Private Sector Raises $13.5 Million to Invest in Project to Employ the Formerly Incarcerated
Public-Private Partnership Can Generate Millions in Savings and Benefits for Taxpayers
Albany, NY (December 30, 2013)
Governor Andrew M. Cuomo today announced that New York has launched the nation’s first state-led Pay for Success project, an initiative to train and employ formerly incarcerated individuals. Private sector and foundation investors raised $13.5 million in less than six weeks to fund the initiative. This project follows through on the Governor’s commitment in his 2013 State of the State address to develop innovative programs to reduce recidivism while saving money for New York taxpayers.
“We are proud to be the first state in the nation to launch a Pay for Success public-private partnership project to help put formerly incarcerated New Yorkers to work,” Governor Cuomo said. “This project is a win-win for our state, facilitating the reentry process of individuals into the community by boosting employment opportunities and thereby reducing recidivism rates, but requiring payment for services only if these goals are met. By assisting these individuals, who are often at risk of becoming repeat offenders, to become productive members of society, we can make New York’s communities safer and more prosperous for years to come.”
A Pay for Success Project, also known as a Social Impact Bond, is a contract between government and an intermediary organization. Under the contract, objectives are set by the State, and the intermediary raises operating funds from private and philanthropic investors for the program. The State will pay investors based on the program’s performance increasing employment and reducing recidivism. Even at the greatest level of success, the State’s savings will exceed the amount the State pays to investors.
The project begins this month and will provide services to 2,000 formerly incarcerated individuals, who are at high risk of reoffending, soon after they are released from prison. By connecting these individuals immediately to intensive employment training and job placement services, the State will aid their reintegration into the community, boosting their employment and thereby reducing crime. Services will be provided over four years in Rochester and New York City by the highly respected non-profit Center for Employment Opportunities (CEO).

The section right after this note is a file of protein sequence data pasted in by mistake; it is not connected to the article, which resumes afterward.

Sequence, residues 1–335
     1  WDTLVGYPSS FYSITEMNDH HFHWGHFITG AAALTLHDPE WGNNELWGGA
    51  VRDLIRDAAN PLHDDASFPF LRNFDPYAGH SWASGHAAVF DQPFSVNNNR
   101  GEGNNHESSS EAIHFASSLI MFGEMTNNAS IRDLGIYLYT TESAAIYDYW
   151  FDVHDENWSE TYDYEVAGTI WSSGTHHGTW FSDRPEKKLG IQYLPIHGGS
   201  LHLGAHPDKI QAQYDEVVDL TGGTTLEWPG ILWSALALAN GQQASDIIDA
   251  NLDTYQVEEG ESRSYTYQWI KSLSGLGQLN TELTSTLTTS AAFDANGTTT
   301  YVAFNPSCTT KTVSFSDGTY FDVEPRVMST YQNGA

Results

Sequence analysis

Success is measured based on two factors: recidivism (whether the person is sent back to prison) and employment. For investors to be repaid, the project must reduce recidivism by at least 8 percent and/or increase employment by at least 5 percentage points.
If the program performs even better than these targets, investors can earn a positive return on their investment that is proportionate to the savings and benefits achieved by the public sector. No payment is made if the program does not meet goals, ensuring that taxpayer dollars are only spent if a meaningful impact was attained.
If the project achieves all performance measures, the public sector will realize $7.8 million in savings.
In September, the State received a $12 million grant for the project, the largest award made by the U.S. Department of Labor under its national competition for Pay for Success. Additional funds were included in the 2013-14 state budget.